These are served deconstructed, so guests can assemble them to their taste.  You will need a frying pan with a tight-fitting lid to cook the dumplings.






Skill level

Average: 4.4 (7 votes)


  • 3 tsp sesame oil
  • 2 garlic cloves, crushed, plus extra, to serve (optional)
  • 100 g enoki mushrooms, trimmed
  • 250 g shiitake mushrooms, thickly sliced
  • 2 tbsp soy sauce
  • 227 g canned sliced bamboo shoots, drained
  • 2 large Lebanese cucumbers, seeded, cut into julienne
  • 80 g (1 cup) bean sprouts
  • 2 red capsicums, sliced
  • 1 large carrot, cut into julienne
  • ½ bunch garlic chives, halved
  • 24 gow gee wrappers
  • 1 tbsp cornflour or potato flour
  • 2 tbsp vegetable oil
  • Gochujang (see Note) (Korean hot pepper paste), to serve


Cook's notes

Oven temperatures are for conventional; if using fan-forced (convection), reduce the temperature by 20˚C. | We use Australian tablespoons and cups: 1 teaspoon equals 5 ml; 1 tablespoon equals 20 ml; 1 cup equals 250 ml. | All herbs are fresh (unless specified) and cups are lightly packed. | All vegetables are medium size and peeled, unless specified. | All eggs are 55-60 g, unless specified.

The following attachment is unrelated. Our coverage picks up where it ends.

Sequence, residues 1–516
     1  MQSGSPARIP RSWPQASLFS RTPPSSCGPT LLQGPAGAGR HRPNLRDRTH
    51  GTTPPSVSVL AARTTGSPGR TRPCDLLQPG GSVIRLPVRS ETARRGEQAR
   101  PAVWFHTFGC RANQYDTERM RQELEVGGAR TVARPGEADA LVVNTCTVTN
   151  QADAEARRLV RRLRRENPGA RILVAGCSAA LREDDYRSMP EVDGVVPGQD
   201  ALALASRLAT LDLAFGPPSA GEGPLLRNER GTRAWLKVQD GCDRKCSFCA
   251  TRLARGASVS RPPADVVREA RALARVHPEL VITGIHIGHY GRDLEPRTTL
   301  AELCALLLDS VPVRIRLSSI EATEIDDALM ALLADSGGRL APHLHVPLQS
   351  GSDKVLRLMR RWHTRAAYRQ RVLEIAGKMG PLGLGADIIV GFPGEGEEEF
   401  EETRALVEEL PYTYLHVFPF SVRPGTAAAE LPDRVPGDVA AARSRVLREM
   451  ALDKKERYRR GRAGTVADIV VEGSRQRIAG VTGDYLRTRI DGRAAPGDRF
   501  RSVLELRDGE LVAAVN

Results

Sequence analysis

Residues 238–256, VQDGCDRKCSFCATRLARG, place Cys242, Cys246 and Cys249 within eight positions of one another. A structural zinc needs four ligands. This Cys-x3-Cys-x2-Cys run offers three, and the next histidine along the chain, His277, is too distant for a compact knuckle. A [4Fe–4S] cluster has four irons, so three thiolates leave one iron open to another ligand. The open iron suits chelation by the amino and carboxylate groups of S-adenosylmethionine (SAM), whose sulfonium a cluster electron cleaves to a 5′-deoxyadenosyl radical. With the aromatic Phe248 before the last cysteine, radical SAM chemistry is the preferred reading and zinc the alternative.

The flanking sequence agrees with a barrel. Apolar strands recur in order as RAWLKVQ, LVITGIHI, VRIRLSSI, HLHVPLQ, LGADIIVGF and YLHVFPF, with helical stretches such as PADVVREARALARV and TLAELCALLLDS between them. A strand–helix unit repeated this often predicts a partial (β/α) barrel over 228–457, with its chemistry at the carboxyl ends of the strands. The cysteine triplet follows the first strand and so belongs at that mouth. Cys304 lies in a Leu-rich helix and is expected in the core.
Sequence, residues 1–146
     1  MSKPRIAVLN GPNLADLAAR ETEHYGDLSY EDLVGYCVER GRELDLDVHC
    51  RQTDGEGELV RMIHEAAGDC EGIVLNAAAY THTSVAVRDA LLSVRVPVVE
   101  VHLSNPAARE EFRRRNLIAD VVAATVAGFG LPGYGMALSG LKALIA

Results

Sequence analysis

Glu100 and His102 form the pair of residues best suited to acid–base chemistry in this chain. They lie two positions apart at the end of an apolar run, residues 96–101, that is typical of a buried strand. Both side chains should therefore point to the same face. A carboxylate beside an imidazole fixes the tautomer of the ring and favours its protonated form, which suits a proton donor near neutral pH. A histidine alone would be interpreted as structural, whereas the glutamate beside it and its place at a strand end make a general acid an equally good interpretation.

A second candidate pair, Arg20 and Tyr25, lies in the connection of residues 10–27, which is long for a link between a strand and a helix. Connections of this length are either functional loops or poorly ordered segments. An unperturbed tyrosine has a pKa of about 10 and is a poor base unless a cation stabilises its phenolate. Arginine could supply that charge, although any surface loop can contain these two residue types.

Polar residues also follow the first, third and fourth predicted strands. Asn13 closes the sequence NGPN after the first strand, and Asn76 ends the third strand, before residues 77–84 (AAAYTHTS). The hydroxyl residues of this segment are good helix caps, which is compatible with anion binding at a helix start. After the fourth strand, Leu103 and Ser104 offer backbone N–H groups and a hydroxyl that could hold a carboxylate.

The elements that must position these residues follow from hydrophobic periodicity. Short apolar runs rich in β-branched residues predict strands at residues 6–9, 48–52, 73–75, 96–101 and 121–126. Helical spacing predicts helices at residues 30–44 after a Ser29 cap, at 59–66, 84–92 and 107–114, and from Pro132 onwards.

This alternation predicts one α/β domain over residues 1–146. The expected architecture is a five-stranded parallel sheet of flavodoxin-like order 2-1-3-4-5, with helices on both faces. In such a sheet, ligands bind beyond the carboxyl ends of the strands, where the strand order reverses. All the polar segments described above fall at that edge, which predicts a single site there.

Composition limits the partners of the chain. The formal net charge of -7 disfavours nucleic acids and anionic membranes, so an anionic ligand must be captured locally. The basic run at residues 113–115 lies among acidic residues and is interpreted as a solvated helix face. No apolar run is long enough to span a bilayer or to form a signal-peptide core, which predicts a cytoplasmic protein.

Heat sesame oil in a frying pan over high heat. Add garlic and mushrooms, and stir occasionally for 3 minutes or until golden. Remove from heat, add soy sauce and toss until coated. Set aside.

Arrange mushrooms, remaining vegetables, garlic chives and extra garlic, if using, on a plate. Cover and refrigerate until needed.

Fold gow gee wrappers in half and scatter lightly with cornflour, shaking off excess. Heat oil in a large frying pan over high heat. Add gow gee wrappers and cook for 2 minutes or until golden on base. Add 60 ml water, cover with a tight-fitting lid and cook for a further minute or until water has evaporated and gow gee wrappers are softened. Transfer to a plate and keep warm.

Serve wrappers with the vegetables and gochujang sauce, and assemble dumplings to taste.

Serve with satay sauce and bitternut chips and the Bahasa bowl.


• Gochujang is from Korean food shops and selected Asian food shops; look for the picture
of bibimbap on the label.


As seen in Feast Magazine, Issue 16, pg60.


Photography by Brett Stevens